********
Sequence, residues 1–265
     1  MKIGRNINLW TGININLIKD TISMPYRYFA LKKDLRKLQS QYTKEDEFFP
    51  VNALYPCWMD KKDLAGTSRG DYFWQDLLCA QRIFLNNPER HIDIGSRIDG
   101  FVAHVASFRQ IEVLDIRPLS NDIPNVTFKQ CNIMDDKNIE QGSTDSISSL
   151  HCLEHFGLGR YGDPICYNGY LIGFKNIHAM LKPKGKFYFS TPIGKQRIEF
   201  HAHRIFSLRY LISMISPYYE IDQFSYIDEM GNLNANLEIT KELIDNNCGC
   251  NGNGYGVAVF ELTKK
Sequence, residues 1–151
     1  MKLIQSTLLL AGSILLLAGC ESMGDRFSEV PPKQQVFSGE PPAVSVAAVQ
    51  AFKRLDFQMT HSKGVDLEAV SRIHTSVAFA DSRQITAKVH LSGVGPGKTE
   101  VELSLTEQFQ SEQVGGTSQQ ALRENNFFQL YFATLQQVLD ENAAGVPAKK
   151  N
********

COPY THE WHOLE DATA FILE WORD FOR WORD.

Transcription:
Sequence, residues 1–265
     1  MKIGRNINLW TGININLIKD TISMPYRYFA LKKDLRKLQS QYTKEDEFFP
    51  VNALYPCWMD KKDLAGTSRG DYFWQDLLCA QRIFLNNPER HIDIGSRIDG
   101  FVAHVASFRQ IEVLDIRPLS NDIPNVTFKQ CNIMDDKNIE QGSTDSISSL
   151  HCLEHFGLGR YGDPICYNGY LIGFKNIHAM LKPKGKFYFS TPIGKQRIEF
   201  HAHRIFSLRY LISMISPYYE IDQFSYIDEM GNLNANLEIT KELIDNNCGC
   251  NGNGYGVAVF ELTKK
Sequence, residues 1–151
     1  MKLIQSTLLL AGSILLLAGC ESMGDRFSEV PPKQQVFSGE PPAVSVAAVQ
    51  AFKRLDFQMT HSKGVDLEAV SRIHTSVAFA DSRQITAKVH LSGVGPGKTE
   101  VELSLTEQFQ SEQVGGTSQQ ALRENNFFQL YFATLQQVLD ENAAGVPAKK
   151  N